Politics of recognition in between antagonism and agonism: Exploring ‘mediated agonism’ in Jaffa

Ronnen Ben-Arie*, Tovi Fenster

*Corresponding author for this work

Research output: Contribution to journalArticlepeer-review

3 Scopus citations


The paper presents a micro-geography research methodology that emphasizes the contested historiography of a house in 58 Shivtei Israel St in Jaffa. It explores the changing Palestinian/Israeli ownership of the house in its colonial urban setting, since 1948 until today, and analyses how it functions within current day urban planning and transformation. The detailed analysis of the specific allocation and planning procedure reveals how a binary conflict/consensus standpoint is not helpful to fully understand the political relations operating through the urban planning process. Rather, the paper suggests we need to think the relations between the two as a dynamic continuum along which we can locate the various claims of the different actors in the urban arena. This nuanced analysis helps us to uncover a contentious planning process which is based on contestation, tension and disagreement, but also on pragmatism and acceptance – a process through which the different actors reposition themselves with regard to their own and others’ objectives, beliefs and narratives of the urban space. Thus, the production of urban space could be understood as a dynamic process of controversy and dissent instead of as one of fixed and all-too-known positions and outcomes.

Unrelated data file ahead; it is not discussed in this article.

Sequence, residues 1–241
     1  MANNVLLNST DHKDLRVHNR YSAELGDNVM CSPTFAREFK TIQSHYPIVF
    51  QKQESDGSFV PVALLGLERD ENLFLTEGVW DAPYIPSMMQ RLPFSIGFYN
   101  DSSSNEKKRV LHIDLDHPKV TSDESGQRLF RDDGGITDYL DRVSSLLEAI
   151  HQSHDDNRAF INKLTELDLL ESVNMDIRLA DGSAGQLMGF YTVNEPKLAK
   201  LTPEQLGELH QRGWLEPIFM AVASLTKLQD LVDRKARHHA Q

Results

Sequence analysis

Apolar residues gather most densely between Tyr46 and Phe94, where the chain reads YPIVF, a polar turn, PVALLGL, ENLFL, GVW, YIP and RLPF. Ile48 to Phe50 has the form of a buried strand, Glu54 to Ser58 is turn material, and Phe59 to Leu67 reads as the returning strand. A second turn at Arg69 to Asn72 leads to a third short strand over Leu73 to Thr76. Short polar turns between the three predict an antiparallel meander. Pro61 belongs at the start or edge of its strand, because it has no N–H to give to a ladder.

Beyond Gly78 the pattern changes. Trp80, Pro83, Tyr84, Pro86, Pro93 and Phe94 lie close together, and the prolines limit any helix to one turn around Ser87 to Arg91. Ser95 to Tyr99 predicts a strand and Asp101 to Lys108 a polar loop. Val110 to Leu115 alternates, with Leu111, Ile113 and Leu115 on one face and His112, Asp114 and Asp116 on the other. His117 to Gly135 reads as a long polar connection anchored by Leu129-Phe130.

Original languageEnglish
Pages (from-to)405-422
Number of pages18
JournalEnvironment and Planning C: Politics and Space
Issue number3
StatePublished - 1 May 2020


FundersFunder number
Israel Science Foundation855/14


    • Israel–Palestine
    • Urban planning
    • agonism
    • antagonism
    • contested urban spaces


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